Madras Cafe courts controversy with Sri Lanka war references

Director Shoojit Sircar describes Madras Cafe as a ‘hardcore political film’
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First Published: Mon, Aug 05 2013. 08 00 PM IST
A file photo of Shoojit Sircar, director of Madras Cafe. He insists the movie, set in the early 1990s, does not take sides. Photo: Mint
A file photo of Shoojit Sircar, director of Madras Cafe. He insists the movie, set in the early 1990s, does not take sides. Photo: Mint
Updated: Mon, Aug 05 2013. 08 59 PM IST
Mumbai: Bollywood is foraying into controversial terrain with new spy thriller, Madras Cafe, whose depiction of rebels in the Sri Lankan civil war has raised concerns among India’s large Tamil population.
The movie, which opens in India this month, features John Abraham as an Indian secret agent shortly after peace-keeping troops sent by New Delhi to Sri Lanka were forced to withdraw in 1990 following a three-year battle with separatist Tamil rebels.
Director Shoojit Sircar describes Madras Cafe, shot in the southwestern Indian state of Kerala, as a “hardcore political film which examines conspiracies, espionage, how information is coded, decoded and passed through”.
India has a large and politically active Tamil population in its south and South Indian activists have already raised concerns over the movie’s depiction of the rebels in the bloody conflict.
But Sircar insists the movie, set in the early 1990s, “does not take sides.
“The bigger message is that in a civil war, civilians suffer the most,” he told AFP.
While the film’s main character is fictitious, Sircar said he had “used real references, portrayed rebel groups, revolutionary freedom fighters, Indian Peace Keeping Forces (and) shown how India got involved and the chaos”.
The conflict in Sri Lanka, which cost up to 100,000 lives, erupted in 1983 between government forces and the rebel Liberation Tigers of Tamil Eelam (LTTE), who were fighting for an independent state for ethnic Tamils. Both sides are accused of human rights atrocities.
In 1987, Indian Prime Minister Rajiv Gandhi sent a peace-keeping force in a bid to end the conflict but the intervention failed.
The move was met with criticism at home while straining relationships between the two neighbours, and when Gandhi was assassinated in 1991, the LTTE were the prime suspects.
Sircar remains tight-lipped over whether Gandhi’s killing is tackled directly in the movie, saying “how it ends and moves is the surprise of the film”.
Although the assassination changed the course of Indian history, few of the country’s movies have looked at Gandhi’s death, the Tamil Tigers or the Sri Lankan conflict.
Tamil-language drama Kutrapathrikai (Chargesheet), based on Gandhi’s killing and the civil war, was blocked by the censors for its political overtones and only released 13 years later in 2007 with several cuts.
The acclaimed 1999 Tamil film, The Terrorist, was inspired by the assassination, while the 2002 drama Kannathil Muthamittal (A Peck on the Cheek), directed by Mani Ratnam, focused on a girl searching for her parents amid the Sri Lankan conflict and won various awards.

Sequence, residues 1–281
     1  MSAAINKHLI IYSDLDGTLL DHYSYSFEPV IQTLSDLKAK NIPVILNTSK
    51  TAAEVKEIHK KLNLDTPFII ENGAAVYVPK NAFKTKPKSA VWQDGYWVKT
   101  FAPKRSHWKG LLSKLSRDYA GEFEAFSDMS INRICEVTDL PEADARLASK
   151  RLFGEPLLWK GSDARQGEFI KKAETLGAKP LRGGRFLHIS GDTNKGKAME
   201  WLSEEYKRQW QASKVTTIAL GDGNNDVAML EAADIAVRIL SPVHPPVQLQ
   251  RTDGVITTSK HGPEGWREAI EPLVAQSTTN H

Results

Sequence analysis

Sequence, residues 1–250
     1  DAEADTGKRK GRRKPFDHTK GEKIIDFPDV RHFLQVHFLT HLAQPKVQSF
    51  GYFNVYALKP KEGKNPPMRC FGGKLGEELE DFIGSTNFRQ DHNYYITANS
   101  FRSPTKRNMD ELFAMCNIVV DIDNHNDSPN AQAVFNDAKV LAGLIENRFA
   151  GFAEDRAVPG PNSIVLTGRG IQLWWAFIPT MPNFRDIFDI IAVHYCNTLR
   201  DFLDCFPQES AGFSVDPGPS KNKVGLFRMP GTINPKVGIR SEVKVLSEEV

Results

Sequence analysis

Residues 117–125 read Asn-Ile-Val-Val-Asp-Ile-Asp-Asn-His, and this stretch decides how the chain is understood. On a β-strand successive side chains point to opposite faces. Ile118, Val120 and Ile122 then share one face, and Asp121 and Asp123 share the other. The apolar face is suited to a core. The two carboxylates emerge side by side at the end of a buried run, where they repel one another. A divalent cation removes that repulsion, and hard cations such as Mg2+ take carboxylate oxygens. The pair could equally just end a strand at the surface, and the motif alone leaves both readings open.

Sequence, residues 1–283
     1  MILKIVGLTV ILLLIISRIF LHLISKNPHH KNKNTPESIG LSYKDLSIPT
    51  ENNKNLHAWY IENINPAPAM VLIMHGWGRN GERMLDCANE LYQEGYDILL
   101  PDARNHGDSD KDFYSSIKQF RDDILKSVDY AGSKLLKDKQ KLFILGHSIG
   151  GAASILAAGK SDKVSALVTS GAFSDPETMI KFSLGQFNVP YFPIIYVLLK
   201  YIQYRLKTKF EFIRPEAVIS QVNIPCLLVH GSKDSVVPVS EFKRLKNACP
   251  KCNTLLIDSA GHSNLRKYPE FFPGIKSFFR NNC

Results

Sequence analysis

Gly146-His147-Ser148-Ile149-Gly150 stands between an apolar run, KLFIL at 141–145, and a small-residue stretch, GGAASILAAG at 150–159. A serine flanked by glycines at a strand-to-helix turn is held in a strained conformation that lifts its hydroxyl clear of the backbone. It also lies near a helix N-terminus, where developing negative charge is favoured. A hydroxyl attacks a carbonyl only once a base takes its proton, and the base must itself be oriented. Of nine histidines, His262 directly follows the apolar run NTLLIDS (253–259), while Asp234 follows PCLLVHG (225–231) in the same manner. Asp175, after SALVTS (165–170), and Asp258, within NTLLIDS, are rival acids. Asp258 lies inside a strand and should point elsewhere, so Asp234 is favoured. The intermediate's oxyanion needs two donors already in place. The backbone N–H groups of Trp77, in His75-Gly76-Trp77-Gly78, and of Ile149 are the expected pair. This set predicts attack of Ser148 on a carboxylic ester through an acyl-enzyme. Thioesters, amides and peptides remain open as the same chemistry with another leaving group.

Often preferring more light-hearted fare, Hindi-language Bollywood films that venture into geopolitics tend to focus on cross-border conflicts with Pakistan and the disputed region of Kashmir.
But Sircar, whose past films include the unconventional 2012 comedy hit Vicky Donor about sperm donation, said he wanted to place the spy operation against a different setting.
“I did not want the usual India-Pakistan backdrop,” he said. “I had been following this civilian crisis for a long time and integrated it into the main story.”
Although the movie has passed India’s censor board, the film may still face hurdles in the southern state of Tamil Nadu.
Activist group Naam Tamilar (We Tamils) has asked the state government to stop the film’s release, unhappy that the trailer depicted the LTTE as “terrorists”, according to Indian media reports.
“We would like to see the film before its release,” filmmaker Sebastian Seeman, who heads the group, told Indo-Asian News Service, saying they would let the film pass “if we don’t find any scene in the film objectionable”.
Madras Cafe star Abraham told AFP he plans to attend a press conference in Tamil Nadu to calm any controversy over the movie, saying: “I am sure once they see the film they will be happy.
“It is great cinema and we have taken great care not to hurt anyone’s feelings. But the backdrop of the film is true incidents and real life situations which we can’t shy away from,” he said.
It would not be the first film to be banned in Tamil Nadu.
Another spy thriller, Vishwaroopam, was forced out of cinemas in January after Muslim groups complained they were portrayed in a negative light, prompting director Kamal Haasan to threaten to go into exile.
The matter, which renewed fears about freedom of artistic expression in India, was resolved when controversial scenes were muted. AFP
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First Published: Mon, Aug 05 2013. 08 00 PM IST
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